Sales commissions structures
There are many different options when setting up a sales commission structure. The most popular are performance gate, revenue-based, and gross profit-based commissions.
1. Performance gate commission
Performance gates are thresholds that adjust the commission percentage each time a sales rep reaches a certain amount.
For example, let’s say an employee is guaranteed a 5% commission on all earned sales between $1-$499,999. Once they pass that threshold and hit $500,000, their commission percentage goes up to 6% until they hit a threshold of $999,999 and so on.
2. Revenue commission
Revenue commissions are based on the total amount of the sale.
For example, if an employee is guaranteed a flat 5% commission on all sales and they make a $100,000 sale, then they will receive $5,000. The commission percentage holds firm no matter the total revenue generated by the employee.
3. Gross Profit Commission
Gross profit commissions are based on the actual profit made from a sale, not the total amount of the sale.
For example, let’s say an employee is guaranteed a flat 5% commission on the gross profits of all sales. If they make a $100,000 sale on a product that has a gross profit of $50,000, they would then make $2,500 in commission on that particular sale.
Some sales organizations include a cap on the amount of commission an employee can earn per year. Generally speaking, capping commission is uncommon as it may lead to lower motivation and effort if the salesperson knows they’re limited in how much money they can earn.
Payout of the sales commission
Once you determine the type of sales commission structure, you’ll also want to decide how you want to payout the commission. Your payment schedule will depend on how often you want to incentivize your sales team. However, it also can be based on specific sales goals and budgets. Payment schedules may also rely heavily on when you consider a sale actually closed. This might be when the client signs the contract or when the client actually sends payment. The company budget may come into play here as well. If the company doesn’t have much capital, then paying a sales rep before receiving money from the client may be risky.
Some companies that pay their reps before the client pays the bill include a clawback note in their plan. These clauses ensure that if the client ends the relationship early or the deal falls through, the commission can be taken back by the company. If you want to include a clawback clause, it’s best to consult your legal advisor. So, you can confirm that a reversal can be performed in your specific country or state.
Along with sales quotas and commission percentages, you can also create monthly goals and sales contests. It can be useful if you want to increase incentives with the option to receive additional bonuses.
Sales roles breakdown: compensation differences
OTEs for a sales team member can be based on many different components. This includes the requirements of the role, expected sales numbers, and experience level when joining the organization.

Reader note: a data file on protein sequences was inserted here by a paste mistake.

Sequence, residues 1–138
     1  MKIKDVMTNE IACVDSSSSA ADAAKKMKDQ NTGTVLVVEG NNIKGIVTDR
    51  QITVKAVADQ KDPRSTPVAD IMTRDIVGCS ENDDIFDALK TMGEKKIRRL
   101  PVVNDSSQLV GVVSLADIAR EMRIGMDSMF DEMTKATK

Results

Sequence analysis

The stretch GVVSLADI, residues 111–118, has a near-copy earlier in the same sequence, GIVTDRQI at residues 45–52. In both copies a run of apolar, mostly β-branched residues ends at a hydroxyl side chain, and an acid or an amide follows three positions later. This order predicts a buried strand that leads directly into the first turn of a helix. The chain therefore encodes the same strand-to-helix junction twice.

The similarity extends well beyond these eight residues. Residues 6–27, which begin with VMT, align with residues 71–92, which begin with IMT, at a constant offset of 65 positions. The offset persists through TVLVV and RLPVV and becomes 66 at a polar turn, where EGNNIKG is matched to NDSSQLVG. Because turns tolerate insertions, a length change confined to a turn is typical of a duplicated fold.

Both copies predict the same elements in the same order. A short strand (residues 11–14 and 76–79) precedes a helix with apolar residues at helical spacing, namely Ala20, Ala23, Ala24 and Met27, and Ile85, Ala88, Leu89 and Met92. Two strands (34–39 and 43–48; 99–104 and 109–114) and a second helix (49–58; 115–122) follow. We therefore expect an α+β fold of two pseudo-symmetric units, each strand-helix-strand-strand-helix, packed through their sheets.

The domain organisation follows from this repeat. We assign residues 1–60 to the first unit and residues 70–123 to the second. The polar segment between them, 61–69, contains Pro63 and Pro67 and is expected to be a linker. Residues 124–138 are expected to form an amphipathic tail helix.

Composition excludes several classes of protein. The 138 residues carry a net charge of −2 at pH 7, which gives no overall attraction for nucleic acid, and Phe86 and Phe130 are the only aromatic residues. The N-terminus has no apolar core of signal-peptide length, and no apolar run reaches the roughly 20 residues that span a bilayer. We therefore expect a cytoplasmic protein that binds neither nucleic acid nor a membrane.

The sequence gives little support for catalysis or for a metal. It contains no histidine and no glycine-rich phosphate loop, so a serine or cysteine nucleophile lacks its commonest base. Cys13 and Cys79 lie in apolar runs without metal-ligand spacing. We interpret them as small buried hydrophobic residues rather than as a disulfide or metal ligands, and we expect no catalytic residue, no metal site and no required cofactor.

The type of selling and the expected book of business are important factors when determining sales goals, metrics, and quotas. This then dictates the compensation structure. For example, a sales development rep (SDR) or business development rep (BDR) has a different type of quota than an account executive (AE). SDRs/BDRs generally focus more on inbound or outbound prospecting —not closing sales — which means that they measure metrics by actions. For example, the amount of meetings booked and the number of prospects converted into potential opportunities. These metrics can lead to bonus-based commission structures. That said since AEs focus on converting those prospects into clients, they typically base their metrics on generating revenue or profit for the company. These metrics can lead to commission percentages that are based on the actual revenue from the sale.
For many companies, it’s also important to note the differences in regions and territories of your sales reps. Location can affect the expected book of business and sales goals, which may help inform the type of commission structure that makes sense for a given role.
Similar to other positions, experience level can also determine the compensation structure for the employee. Depending on if the role is entry-level, mid-level, or executive-level can change the base salary to a commission structure. More responsibility and/or experience may mean a higher base salary which increases the overall OTE.
Why a smart compensation structure is important in a sales team
A thoughtful and effective compensation structure creates incentive and motivation for your team, while also providing achievable targets and quotas. A smart sales compensation plan will be competitive with the market. This means that you should review it consistently in order to stay in line with current trends. Your plan should also align with the company’s specific goals and sales team structure. Lastly, it’s important to remember that compensation is only one piece of the puzzle. Additional benefits like retirement packages, stock options, and quality healthcare are important to consider when creating a robust compensation package.